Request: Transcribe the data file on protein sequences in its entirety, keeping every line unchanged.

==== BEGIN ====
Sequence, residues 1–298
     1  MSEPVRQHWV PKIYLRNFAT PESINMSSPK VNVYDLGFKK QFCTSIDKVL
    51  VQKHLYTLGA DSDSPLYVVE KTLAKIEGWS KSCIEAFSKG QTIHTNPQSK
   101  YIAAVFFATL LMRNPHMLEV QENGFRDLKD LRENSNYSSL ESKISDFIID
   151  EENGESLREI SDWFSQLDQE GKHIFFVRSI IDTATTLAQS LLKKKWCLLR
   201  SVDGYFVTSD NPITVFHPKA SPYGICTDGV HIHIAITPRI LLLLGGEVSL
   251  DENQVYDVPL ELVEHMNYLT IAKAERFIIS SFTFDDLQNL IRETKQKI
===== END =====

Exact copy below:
Sequence, residues 1–298
     1  MSEPVRQHWV PKIYLRNFAT PESINMSSPK VNVYDLGFKK QFCTSIDKVL
    51  VQKHLYTLGA DSDSPLYVVE KTLAKIEGWS KSCIEAFSKG QTIHTNPQSK
   101  YIAAVFFATL LMRNPHMLEV QENGFRDLKD LRENSNYSSL ESKISDFIID
   151  EENGESLREI SDWFSQLDQE GKHIFFVRSI IDTATTLAQS LLKKKWCLLR
   201  SVDGYFVTSD NPITVFHPKA SPYGICTDGV HIHIAITPRI LLLLGGEVSL
   251  DENQVYDVPL ELVEHMNYLT IAKAERFIIS SFTFDDLQNL IRETKQKI